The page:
How logically rigorous is the claim that neurochemical changes in the brain 'cause' mood or emotional disorders? Does a running nose cause a cold? In any case, before prescribing powerful chemicals to emotionally distressed patients shouldn't doctors use some sort of machine to test the chemical levels of their brains?

You're right: we shouldn't throw the word "causes" around too casually. Let's fix on depression as our example, and let's keep in mind that simply being sad isn't the same as being clinically depressed. On the one hand, neurochemicals probably aren't just symptoms of depression; they probably have something to do with causing the symptoms -- the listlessness or anxiety, or excessive rumination or protacted feelings of sadness. Perhaps it would be more accurate to say that clinical depression is , at bottom, a malfunction in the neurochemical system, though this may be too reductionistic, and it also may turn out not to get the biology right. But perhaps what you're pointing to is that it still makes sense to ask what causes this malfunction in the first place. That's obviously a very good question. My impression is that sometimes life circumstances can trigger depression, but sometimes there's no clear external cause. The right answer here is likely to be very complicated. At the moment, far as I...

I want to compare the human mind to a computer program, for the sake of this question. In a computer program, if a circumstance occurs that the machine can not process due to a fault in the code, or a lack of processing power, or any number of reasons, the program will error out. It can have many symptoms: frozen program interface, the dreaded blue screen of death, or a simple restart. But either way the program ceases to function. (Of course their are nifty programmers out their that protect against simple errors by allowing a tolerated amount of them go unnoticed if they don't impede the overall abilities of the program.) What I want to know is how or mind deals with these errors. What stops us from running infinite loops that stalls out our minds and rends us slobbering piles of useless flesh. When we are confronted with something that our brain can not understand or grasp or comprehend, how do we cope? Or is there a limit to where we cease to function?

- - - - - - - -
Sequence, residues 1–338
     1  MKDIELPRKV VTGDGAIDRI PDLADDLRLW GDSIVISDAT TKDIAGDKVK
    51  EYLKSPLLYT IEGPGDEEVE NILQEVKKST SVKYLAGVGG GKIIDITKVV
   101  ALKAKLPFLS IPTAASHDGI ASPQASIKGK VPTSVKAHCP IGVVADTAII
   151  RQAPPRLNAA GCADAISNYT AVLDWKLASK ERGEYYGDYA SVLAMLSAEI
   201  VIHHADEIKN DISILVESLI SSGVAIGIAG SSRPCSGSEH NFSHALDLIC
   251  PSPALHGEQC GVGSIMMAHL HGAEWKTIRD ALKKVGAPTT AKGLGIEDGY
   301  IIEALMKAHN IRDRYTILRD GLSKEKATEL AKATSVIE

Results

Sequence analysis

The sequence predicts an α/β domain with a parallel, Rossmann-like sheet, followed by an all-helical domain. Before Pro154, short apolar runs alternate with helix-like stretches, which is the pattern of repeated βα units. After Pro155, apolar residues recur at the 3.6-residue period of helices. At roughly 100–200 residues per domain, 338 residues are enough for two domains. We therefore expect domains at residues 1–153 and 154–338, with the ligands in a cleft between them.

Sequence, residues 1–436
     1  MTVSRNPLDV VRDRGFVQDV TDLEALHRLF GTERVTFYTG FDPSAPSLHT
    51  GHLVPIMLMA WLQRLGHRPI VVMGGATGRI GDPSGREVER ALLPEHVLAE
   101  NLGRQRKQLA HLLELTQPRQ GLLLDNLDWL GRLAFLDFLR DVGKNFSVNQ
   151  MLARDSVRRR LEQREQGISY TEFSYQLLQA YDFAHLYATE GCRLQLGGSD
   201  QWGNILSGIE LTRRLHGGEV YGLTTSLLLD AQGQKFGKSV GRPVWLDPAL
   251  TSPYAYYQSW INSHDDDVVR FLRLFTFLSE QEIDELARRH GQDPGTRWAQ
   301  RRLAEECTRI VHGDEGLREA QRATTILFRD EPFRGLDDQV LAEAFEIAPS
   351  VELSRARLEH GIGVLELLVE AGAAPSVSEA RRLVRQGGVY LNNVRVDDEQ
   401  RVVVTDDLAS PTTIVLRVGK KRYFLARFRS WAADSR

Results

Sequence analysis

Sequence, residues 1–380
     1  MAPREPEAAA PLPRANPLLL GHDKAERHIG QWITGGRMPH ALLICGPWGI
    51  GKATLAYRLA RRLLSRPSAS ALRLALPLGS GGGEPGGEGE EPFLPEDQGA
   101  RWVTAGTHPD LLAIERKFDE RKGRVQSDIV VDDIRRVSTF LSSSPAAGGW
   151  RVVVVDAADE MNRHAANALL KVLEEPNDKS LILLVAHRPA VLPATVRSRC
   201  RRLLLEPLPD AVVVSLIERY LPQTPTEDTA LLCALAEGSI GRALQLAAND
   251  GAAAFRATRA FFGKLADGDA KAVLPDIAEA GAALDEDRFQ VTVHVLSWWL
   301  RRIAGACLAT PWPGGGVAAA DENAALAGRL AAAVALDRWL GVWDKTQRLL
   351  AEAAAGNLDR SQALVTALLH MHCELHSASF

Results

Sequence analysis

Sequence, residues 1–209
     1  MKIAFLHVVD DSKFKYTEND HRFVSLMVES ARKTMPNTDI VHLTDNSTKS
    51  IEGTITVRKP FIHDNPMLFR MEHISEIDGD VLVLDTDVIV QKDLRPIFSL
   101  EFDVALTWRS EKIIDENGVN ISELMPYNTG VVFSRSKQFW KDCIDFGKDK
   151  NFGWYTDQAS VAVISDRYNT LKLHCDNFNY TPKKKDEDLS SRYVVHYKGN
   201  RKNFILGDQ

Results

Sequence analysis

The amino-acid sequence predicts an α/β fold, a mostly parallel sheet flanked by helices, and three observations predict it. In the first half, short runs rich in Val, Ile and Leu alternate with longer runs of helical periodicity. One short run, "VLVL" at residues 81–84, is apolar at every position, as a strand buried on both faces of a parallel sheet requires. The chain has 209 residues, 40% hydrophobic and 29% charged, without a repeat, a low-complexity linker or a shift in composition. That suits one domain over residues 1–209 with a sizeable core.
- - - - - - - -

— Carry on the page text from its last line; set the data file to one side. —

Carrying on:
An intriguing puzzle. The first point is that insofar as it's a question about how our minds actually work, it's an empirical matter, and the answer depends on the facts. But there's a design-level issue here (which I'm hoping my better-informed colleagues might chime in on.) Suppose we have a complicated program that's broken up into sub-programs, or modules. And suppose that there is one module whose job it is to monitor what's going on in various other modules and stop them if they appear to be running amok. Perhaps, for example, this monitor module will kill a process if it has cycled through a million iterations without halting. You no doubt get the idea (and may well have thought of it yourself.) If a system is modular enough, and if it has enough safeguards, redundancies, monitoring modules and so on built in, then the chance that it will just go nuts might be small. And so if the mind is essentially a computer, it may be that millions of years of evolution have built it in this sort of...

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